Why should you read Virginia Woolf? - Iseult Gillespie

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Why should you read Virginia Woolf? - Iseult Gillespie

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Download a free audiobook and support TED-Ed's nonprofit mission- http-//www.audible.com/teded Check out Virginia Woolf's "A Room of One's Own"- https-//shop.ed.ted.com/collections/ted-ed-book-recommendations/products/a-room-of-ones-own View full lesson- https-//ed.ted.com/lessons/why-should-you-read-virginia-woolf-iseult-gillespie How best can we understand the internal experience of alienation? In both her essays and her fiction, Virginia Woolf shapes the slippery nature of subjective experience into words, while her characters frequently lead inner lives that are deeply at odds with their external existence. Iseult Gillespie helps make sense of these disparities to prepare you for the next time you read Virgina Woolf. Lesson by Iseult Gillespie, directed by Sarah Saidan. Thank you so much to our patrons for your support! Without you this video would not be possible. Grant Albert, David Douglass, Jonathan Reshef, Joshua Downing, Ricardo Paredes, Bill Feaver, Eduardo Briceno, Delene McCoy, Arturo De Leon, Christophe Dessalles, Jeff Hanevich, Janie Jackson, Dr Luca Carpinelli, Muhamad Saiful Hakimi bin Daud, Heather Slater, Ded Rabit, Patrick leaming, Martin Lohmus, Joris Debonnet, Yuh Saito. Check out our Patreon page here- https-//www.patreon.com/teded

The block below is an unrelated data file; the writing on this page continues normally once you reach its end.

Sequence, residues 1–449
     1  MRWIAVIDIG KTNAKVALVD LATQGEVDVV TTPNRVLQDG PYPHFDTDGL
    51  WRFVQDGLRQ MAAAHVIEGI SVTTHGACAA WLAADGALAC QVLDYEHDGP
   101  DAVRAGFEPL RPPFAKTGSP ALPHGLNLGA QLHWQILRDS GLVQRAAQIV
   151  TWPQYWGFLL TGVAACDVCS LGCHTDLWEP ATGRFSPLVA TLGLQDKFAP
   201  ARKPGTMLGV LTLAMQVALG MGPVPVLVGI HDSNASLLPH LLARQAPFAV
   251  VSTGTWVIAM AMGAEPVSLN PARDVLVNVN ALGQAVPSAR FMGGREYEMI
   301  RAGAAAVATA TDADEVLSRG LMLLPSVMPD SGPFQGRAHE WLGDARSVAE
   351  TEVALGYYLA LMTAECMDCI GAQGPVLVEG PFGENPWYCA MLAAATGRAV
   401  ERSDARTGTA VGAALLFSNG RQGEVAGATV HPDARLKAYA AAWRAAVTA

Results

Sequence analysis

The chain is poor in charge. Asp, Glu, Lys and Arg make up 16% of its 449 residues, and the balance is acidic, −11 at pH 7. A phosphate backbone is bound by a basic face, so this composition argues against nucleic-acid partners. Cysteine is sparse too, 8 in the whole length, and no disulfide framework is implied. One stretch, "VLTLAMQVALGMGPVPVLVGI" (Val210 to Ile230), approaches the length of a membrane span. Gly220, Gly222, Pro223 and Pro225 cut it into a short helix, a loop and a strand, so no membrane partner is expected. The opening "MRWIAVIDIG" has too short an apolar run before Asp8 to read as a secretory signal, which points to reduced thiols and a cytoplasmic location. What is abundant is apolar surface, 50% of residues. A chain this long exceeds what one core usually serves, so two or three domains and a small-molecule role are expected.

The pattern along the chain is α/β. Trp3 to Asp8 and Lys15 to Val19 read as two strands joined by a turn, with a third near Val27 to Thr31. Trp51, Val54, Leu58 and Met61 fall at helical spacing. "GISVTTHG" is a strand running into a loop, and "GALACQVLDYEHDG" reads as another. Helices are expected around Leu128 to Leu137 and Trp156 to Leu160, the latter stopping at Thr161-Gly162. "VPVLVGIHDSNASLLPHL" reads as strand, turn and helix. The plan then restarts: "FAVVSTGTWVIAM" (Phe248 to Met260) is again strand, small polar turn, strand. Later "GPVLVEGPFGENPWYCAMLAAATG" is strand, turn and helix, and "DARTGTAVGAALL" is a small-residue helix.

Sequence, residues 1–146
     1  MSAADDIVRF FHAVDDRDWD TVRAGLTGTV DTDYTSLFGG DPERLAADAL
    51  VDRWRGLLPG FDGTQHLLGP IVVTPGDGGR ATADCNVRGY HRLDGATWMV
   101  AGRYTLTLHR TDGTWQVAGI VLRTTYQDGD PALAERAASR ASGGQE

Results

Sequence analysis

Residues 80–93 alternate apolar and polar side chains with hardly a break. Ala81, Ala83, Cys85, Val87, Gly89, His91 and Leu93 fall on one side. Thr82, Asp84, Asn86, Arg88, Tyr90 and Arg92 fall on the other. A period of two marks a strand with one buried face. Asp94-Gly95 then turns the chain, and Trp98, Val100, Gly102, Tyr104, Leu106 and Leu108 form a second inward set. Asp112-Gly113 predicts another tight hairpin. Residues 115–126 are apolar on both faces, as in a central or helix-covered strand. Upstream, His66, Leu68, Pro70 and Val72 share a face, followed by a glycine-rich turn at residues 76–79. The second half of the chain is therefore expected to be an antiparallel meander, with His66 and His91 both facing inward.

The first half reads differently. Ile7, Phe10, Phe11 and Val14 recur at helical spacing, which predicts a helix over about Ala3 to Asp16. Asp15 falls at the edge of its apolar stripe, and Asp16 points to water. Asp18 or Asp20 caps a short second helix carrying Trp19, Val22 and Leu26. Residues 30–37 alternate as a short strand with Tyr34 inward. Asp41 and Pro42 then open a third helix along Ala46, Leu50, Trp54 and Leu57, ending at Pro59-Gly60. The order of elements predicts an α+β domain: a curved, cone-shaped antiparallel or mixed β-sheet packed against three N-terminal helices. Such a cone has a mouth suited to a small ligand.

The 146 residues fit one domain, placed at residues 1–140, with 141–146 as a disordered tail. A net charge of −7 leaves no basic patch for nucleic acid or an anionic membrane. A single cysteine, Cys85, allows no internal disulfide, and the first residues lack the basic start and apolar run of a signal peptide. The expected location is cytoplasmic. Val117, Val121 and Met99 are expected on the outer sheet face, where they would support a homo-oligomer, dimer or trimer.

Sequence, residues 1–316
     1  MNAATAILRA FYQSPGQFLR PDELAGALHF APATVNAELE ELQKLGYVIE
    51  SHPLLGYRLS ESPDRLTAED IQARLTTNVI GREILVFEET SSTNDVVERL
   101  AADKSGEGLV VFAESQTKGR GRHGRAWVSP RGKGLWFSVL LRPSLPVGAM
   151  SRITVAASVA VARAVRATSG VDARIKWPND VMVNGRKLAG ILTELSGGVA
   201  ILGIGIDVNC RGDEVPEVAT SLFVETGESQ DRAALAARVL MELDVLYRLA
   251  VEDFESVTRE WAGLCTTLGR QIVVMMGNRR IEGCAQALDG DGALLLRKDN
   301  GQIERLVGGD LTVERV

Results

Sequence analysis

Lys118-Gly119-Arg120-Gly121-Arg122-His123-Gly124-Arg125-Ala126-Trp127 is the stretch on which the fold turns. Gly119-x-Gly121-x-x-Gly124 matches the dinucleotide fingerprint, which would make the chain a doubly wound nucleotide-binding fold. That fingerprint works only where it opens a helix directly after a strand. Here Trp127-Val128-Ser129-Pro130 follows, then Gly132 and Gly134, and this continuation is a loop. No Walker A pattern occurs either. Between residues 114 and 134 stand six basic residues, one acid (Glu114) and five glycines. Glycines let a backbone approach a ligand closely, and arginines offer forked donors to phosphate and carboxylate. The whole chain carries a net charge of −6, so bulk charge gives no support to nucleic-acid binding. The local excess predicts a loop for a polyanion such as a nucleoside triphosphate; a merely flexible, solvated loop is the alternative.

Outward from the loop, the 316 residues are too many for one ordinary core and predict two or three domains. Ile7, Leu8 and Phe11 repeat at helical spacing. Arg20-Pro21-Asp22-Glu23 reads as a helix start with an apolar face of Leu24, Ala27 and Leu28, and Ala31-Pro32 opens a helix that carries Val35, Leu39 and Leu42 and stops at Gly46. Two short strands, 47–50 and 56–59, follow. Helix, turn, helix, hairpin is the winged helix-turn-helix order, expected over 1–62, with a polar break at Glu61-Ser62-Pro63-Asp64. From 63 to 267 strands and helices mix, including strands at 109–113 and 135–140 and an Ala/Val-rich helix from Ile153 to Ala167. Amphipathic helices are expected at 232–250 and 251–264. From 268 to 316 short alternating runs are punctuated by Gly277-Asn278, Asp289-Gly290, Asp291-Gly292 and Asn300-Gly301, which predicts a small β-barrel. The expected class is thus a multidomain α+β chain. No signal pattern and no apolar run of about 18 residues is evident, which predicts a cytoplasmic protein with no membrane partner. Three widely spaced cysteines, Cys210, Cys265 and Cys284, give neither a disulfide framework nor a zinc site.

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What if William Shakespeare had a sister who matched his imagination, his wit, and his way with words? Would she have gone to school and set the stage alight? In her essay “A Room of One’s Own,” Virginia Woolf argues that this would have been impossible. She concocts a fictional sister who’s stuck at home, snatching time to scribble a few pages before she finds herself betrothed and runs away. While her brother finds fame and fortune, she remains abandoned and anonymous. In this thought experiment, Woolf demonstrates the tragedy of genius restricted, and looks back through time for hints of these hidden histories. She wrote, “When one reads of a witch being ducked, of a woman possessed by devils, of a wise woman selling herbs, or even a very remarkable man who had a mother, then I think we’re on the track of a lost novelist, a suppressed poet, of some mute and inglorious Jane Austen.” “A Room of One’s Own” considers a world denied great works of art due to exclusion and inequality. How best can we understand the internal experience of alienation? In both her essays and fiction, Virginia Woolf shapes the slippery nature of subjective experience into words. Her characters frequently lead inner lives that are deeply at odds with their external existence. To help make sense of these disparities, the next time you read Woolf, here are some aspects of her life and work to consider. She was born Adeline Virginia Stephen in 1882 to a large and wealthy family, which enabled her to pursue a life in the arts. The death of her mother in 1895 was followed by that of her half-sister, father, and brother within the next ten years. These losses led to Woolf’s first depressive episode and subsequent institutionalization. As a young woman, she purchased a house in the Bloomsbury area of London with her siblings. This brought her into contact with a circle of creatives, including E.M. Forster, Clive Bell, Roger Fry, and Leonard Woolf. These friends became known as the Bloomsbury Group, and Virginia and Leonard married in 1912. The members of this group were prominent figures in Modernism, a cultural movement that sought to push the boundaries of how reality is represented. Key features of Modernist writing include the use of stream of consciousness, interior monologue, distortions in time, and multiple or shifting perspectives. These appear in the work of Ezra Pound, Gertrude Stein, James Joyce, and Woolf herself. While reading Joyce’s “Ulysses,” Woolf began writing “Mrs. Dalloway.” Like “Ulysses,” the text takes place over the course of a single day and opens under seemingly mundane circumstances. “Mrs. Dalloway said she would buy the flowers herself.” But the novel dives deeply into the characters’ traumatic pasts, weaving the inner world of numbed socialite Clarissa Dalloway, with that of the shell-shocked veteran Septimus Warren Smith. Woolf uses interior monologue to contrast the rich world of the mind against her characters’ external existences. In her novel “To the Lighthouse,” mundane moments, like a dinner party, or losing a necklace trigger psychological revelations in the lives of the Ramsay’s, a fictionalized version of Woolf’s family growing up. “To the Lighthouse” also contains one of the most famous examples of Woolf’s radical representation of time. In the Time Passes section, ten years are distilled into about 20 pages. Here, the lack of human presence in the Ramsays’ beach house allows Woolf to reimagine time in flashes and fragments of prose. “The house was left. The house was deserted. It was left like a shell on a sand hill to fill with dry salt grains now that life had left it.” In her novel “The Waves,” there is little distinction between the narratives of the six main characters. Woolf experiments with collective consciousness, at times collapsing the six voices into one. “It is not one life that I look back upon: I am not one person: I am many people: I do not altogether know who I am, Jinny, Susan, Neville, Rhoda or Louis, or how to distinguish my life from their’s.” In “The Waves,” six become one, but in the gender-bending “Orlando,” a single character inhabits multiple identities. The protagonist is a poet who switches between genders and lives for 300 years. With its fluid language and approach to identity, “Orlando” is considered a key text in gender studies. The mind can only fly so far from the body before it returns to the constraints of life. Like many of her characters, Woolf’s life ended in tragedy when she drowned herself at the age of 59. Yet, she expressed hope beyond suffering. Through deep thought, Woolf’s characters are shown to temporarily transcend their material reality, and in its careful consideration of the complexity of the mind, her work charts the importance of making our inner lives known to each other.